The team behind Apple Music is keeping busy. Among all of Cupertino's services and products, it's the most platform-agnostic and the one that has made an effort to support Android as best as it could. In the past few months, the Apple Music app has added Android tablet support, Android Auto compatibility, and is supposed to integrate into Google Maps at some point. Beyond that, it looks like the streaming service will soon be compatible with Google Assistant and Home speakers. Read More
At today's glitzy Unpacked event in San Francisco, Samsung unveiled a raft of new products, some of which are mostly aspirational for the time being. One device the company will hope to sell a boatload of in the coming months is the Galaxy S10e, a new cheaper variant in the popular series. It's a departure from the norm for Samsung, and a response to growing consumer unrest at the rising price of high-end flagship phones. It also serves to counter Apple's more affordable iPhone XR, obvious from the identical $749 starting price and variety of bright colors being made available. Read More
Yesterday Apple pulled Facebook's ability to distribute internal apps for employees on iOS in the wake of an investigation performed by TechCrunch, which alleged that Facebook was not only paying teenagers to use an app to record their activity, but that the app was also abusing Apple's Enterprise Developer Program to be distributed in the first place. In follow-up coverage, it was noted that Google was also using the same method to distribute a consumer-facing app called "Screenwise Meter," which Google subsequently pulled. Read More
The Roku Channel, currently a library of free ad-supported movies and TV shows, will soon grow to include paid subscription services including, most notably, Showtime and Starz. The savvy business move will draw in more channel viewers and likely boost ad revenue, as well as allow the company to play a more active role in the content that runs on its devices. From a user perspective, there are two main benefits: easier, consolidated content searching in one channel, and the ability to pay for multiple subscriptions through one monthly bill. Read More
It's no secret that Google has been working on a new operating system (and potential Android replacement) called Fuchsia since at least 2016, but details are otherwise few and far between. The most recent tidbit to emerge publicly? High-ranking Apple engineer Bill Stevenson says he's joining Google to help bring the new OS to market. Read More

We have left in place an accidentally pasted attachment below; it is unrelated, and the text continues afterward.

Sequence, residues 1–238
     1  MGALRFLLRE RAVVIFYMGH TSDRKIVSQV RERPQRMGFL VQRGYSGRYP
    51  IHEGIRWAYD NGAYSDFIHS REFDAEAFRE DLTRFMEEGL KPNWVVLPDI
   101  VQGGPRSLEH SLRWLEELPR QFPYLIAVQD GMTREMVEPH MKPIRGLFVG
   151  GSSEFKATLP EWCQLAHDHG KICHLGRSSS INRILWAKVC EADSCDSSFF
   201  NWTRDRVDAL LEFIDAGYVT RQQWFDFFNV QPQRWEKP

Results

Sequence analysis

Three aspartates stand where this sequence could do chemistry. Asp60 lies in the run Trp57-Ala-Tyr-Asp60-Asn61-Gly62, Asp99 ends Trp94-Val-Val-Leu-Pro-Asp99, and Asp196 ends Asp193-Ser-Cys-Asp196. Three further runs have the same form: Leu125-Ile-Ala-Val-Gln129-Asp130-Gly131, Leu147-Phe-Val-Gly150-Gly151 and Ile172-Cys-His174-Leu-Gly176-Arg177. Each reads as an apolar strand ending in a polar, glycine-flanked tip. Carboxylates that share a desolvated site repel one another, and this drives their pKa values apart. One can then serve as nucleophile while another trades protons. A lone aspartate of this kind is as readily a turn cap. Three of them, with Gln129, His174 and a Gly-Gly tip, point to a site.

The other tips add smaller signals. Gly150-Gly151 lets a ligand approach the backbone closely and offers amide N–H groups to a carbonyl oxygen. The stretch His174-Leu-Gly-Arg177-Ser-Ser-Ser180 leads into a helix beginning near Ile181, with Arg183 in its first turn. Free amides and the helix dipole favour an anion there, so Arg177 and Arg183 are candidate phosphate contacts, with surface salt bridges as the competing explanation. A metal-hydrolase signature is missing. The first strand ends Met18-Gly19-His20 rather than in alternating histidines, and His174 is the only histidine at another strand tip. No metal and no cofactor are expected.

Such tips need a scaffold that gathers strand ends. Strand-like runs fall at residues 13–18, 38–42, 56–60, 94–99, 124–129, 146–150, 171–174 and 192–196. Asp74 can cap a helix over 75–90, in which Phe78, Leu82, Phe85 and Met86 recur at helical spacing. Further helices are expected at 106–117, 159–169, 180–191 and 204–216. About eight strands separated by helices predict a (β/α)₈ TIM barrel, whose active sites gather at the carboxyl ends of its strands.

Verizon announced yesterday that its expanding its partnership with Apple. The carrier is now offering a gratis premium subscription to the latter's music streaming service to all Beyond Unlimited and Above Unlimited users — those on the Go Unlimited tier get a free six-month trial. Read More
Turns out Apple is not the only company expecting to disappoint investors with its next set of quarterly results — Samsung and LG are in the same boat. Whether or not it's for precisely the same reasons is unclear, but it seems a plateauing smartphone market is at least partially to blame for all three companies' guidance misses. Read More
Facial recognition on Android isn't the most robust method of securing your phone; it even says as much when you set it up. It shouldn't be very surprising, then, that it can be fooled by what is probably the least likely thing someone trying to get into your device will have access to: a lifelike, 3D-printed replica of your head. Read More
Project Fi has made the leap that all fledgling Google projects aspire to - after around three-and-a-half years, it has dropped the "project" and evolved into "Google Fi," with a brand new logo to boot. Along with the name change, Google has announced that the wireless provider now supports "the majority of Android devices," including Samsung and OnePlus handsets, and iPhones (in beta). Read More
According to a report out of the New York Times yesterday, Facebook founder and chief executive Mark Zuckerberg ordered the company's high-level managers to switch to Android phones earlier this year. It's not clear if the order was ever enforced, or to what degree, but it apparently came on the heels of an MSNBC interview in which Tim Cook openly criticized Facebook's data collection and privacy policies in the wake of the Cambridge Analytica scandal and associated congressional hearings.
Cook's remarks apparently so upset Zuckerberg that he issued the Android phone directive - though, as The Verge points out, it seems unlikely that it worked (at least very well):
[W]e checked Twitter activity from several Facebook executives, including blockchain lead David Marcus and VP of AR and VR Andrew “Boz” Bosworth, all of whom are still shown to be using iPhones.